African Clawed Frog, Xenopus laevis

The African clawed frog is found in its natural habitat throughout Africa. However, it has been introduced in North America, South America and Europe. This species is fully aquatic and is found abundantly in ponds, lakes, and rivers.

The body color of the African clawed frog is a greenish grey and the skin is smooth and slippery with blotches of grey or brown on the back. The belly is a cream colored with a yellow tint. The average length of this species is five inches. The body and head are flattened and the African clawed frog has no tongue or external ears.

The male African clawed frog is usually smaller than the female. The average life span of this species is ten years but some have been recorded to live up to 25 years. Once a year this species will shed its skin then consume it.

The feet have three toes and are fully webbed, and the hands are used for feeding. The frog will suck its prey into the mouth and use the hands to shove it in further. The clawed feet are also used for tearing apart the prey.

It is a scavenger, so the African clawed frog will feed on just about anything alive, dead or dying, as well as organic waste.

The mating call of the male sounds similar to a cricket. The female will answer back in a soft clicking sound. The eggs are located in bulges above the hind legs of the female. The male will grab the female above the thighs and squeeze the female until the eggs are released. Once outside the body, the male will fertilize them. Hundreds of eggs will be laid and will adhere to anything close. The African frog may also eat the eggs occasionally.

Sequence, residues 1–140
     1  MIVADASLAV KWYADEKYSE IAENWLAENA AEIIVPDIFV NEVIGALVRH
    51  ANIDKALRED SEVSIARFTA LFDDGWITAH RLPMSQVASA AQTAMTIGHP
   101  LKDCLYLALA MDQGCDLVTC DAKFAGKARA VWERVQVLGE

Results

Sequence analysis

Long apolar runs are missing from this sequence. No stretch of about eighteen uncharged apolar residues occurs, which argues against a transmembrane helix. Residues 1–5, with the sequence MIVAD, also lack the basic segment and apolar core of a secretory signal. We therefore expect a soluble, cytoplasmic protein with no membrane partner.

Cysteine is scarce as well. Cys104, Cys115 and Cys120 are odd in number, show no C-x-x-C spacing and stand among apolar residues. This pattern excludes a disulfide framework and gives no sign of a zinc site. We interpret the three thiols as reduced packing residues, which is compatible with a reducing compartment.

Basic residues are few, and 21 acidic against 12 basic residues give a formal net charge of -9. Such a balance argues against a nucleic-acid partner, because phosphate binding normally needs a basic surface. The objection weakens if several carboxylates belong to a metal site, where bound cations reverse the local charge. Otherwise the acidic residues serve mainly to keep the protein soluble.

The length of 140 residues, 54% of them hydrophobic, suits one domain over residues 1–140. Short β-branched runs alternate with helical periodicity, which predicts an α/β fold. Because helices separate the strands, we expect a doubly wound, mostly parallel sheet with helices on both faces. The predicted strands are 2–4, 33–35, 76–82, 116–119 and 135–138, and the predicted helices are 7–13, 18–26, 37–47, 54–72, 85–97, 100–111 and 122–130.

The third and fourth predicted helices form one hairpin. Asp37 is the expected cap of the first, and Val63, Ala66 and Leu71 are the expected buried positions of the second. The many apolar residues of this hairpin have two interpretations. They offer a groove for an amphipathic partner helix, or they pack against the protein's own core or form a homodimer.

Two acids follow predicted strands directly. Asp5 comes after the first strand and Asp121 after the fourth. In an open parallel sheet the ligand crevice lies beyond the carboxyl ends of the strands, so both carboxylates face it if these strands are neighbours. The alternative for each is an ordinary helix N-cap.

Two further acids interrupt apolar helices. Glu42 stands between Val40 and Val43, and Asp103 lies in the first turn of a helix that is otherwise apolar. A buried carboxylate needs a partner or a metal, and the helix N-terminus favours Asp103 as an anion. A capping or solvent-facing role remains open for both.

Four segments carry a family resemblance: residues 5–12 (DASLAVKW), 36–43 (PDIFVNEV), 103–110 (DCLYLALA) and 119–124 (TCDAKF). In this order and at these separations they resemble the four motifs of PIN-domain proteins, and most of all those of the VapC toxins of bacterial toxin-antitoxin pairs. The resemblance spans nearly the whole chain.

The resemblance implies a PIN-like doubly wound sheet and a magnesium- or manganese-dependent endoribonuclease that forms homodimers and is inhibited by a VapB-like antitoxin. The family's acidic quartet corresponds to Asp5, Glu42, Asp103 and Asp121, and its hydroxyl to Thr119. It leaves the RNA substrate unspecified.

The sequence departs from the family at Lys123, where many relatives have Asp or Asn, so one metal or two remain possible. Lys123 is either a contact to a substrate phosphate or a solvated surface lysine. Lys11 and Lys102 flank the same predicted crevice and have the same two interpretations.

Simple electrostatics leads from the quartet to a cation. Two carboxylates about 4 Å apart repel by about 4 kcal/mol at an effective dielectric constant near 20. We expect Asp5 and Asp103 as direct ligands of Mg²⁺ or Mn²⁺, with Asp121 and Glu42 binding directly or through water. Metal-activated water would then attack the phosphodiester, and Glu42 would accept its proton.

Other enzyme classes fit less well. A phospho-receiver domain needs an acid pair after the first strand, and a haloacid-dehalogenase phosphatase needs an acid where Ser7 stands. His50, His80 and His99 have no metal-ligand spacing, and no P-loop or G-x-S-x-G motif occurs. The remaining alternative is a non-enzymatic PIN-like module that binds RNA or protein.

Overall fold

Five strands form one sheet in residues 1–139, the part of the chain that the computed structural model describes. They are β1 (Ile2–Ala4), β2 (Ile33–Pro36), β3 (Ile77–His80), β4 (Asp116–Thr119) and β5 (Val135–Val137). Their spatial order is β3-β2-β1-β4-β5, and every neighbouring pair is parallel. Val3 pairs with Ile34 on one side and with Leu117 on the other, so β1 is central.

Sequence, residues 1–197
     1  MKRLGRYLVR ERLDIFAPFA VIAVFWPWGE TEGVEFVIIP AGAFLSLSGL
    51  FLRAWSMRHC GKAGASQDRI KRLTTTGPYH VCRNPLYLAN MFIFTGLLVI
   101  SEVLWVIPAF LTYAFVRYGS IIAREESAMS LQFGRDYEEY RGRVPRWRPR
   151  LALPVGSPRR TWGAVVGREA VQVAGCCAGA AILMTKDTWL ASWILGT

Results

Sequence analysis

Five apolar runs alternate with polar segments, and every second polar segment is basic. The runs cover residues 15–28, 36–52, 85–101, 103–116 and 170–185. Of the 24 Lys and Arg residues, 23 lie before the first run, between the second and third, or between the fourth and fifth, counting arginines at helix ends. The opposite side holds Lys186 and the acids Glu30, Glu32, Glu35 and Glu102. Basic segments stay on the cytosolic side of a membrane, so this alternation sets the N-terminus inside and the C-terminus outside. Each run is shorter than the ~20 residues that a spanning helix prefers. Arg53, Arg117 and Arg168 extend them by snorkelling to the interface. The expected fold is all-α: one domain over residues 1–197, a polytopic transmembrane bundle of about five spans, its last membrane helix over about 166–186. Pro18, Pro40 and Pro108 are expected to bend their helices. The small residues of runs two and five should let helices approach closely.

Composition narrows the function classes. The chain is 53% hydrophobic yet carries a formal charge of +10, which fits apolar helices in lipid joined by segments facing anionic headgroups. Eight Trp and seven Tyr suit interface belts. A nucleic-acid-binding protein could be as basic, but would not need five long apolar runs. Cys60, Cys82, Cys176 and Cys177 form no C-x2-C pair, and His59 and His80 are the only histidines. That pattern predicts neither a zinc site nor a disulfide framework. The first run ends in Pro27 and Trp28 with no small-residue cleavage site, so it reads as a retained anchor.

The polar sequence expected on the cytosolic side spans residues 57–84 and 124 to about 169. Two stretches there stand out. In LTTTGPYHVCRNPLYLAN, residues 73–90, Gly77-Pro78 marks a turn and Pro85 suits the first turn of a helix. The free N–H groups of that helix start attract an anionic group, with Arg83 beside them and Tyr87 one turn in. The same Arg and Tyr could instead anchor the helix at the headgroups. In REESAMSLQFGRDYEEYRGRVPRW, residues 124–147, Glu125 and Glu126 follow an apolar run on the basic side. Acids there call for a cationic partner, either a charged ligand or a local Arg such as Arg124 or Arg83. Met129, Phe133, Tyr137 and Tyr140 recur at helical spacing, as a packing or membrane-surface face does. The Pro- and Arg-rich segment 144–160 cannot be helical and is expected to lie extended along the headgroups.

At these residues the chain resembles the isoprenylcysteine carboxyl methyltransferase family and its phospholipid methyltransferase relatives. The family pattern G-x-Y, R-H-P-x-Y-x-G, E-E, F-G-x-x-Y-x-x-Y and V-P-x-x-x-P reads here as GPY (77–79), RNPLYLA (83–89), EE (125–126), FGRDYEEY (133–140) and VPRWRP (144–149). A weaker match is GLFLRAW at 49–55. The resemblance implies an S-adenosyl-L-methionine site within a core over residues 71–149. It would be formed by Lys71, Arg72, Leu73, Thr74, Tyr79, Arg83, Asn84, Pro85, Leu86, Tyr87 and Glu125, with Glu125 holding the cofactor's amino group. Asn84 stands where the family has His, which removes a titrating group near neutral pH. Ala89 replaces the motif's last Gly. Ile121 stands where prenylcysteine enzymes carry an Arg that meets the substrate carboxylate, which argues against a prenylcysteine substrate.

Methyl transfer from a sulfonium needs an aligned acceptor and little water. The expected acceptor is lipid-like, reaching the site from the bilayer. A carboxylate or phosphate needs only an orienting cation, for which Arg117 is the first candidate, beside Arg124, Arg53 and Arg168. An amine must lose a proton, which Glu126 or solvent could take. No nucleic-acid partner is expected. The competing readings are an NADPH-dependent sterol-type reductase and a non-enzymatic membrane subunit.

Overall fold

The eggs and embryos of the African clawed frog are used in research for biology and medical purposes. This species was the first vertebrate to be cloned. It is also used for pregnancy tests in human females. A hormone found in the urine of pregnant women is injected into both male and female African clawed frogs to induce breeding behavior of specimens in captivity.

It is illegal to own, transport, or sell the African clawed frog without a permit in many states of the US. It is listed as least concern on the IUCN list.

Kingdom:     Animalia
Phylum:     Chordata
Class:     Amphibia
Order:     Anura
Family:     Pipidae

Image Caption: African clawed frog, Xenopus laevis. Credit: Brian Gratwicke/Wikipedia (CC BY 2.0)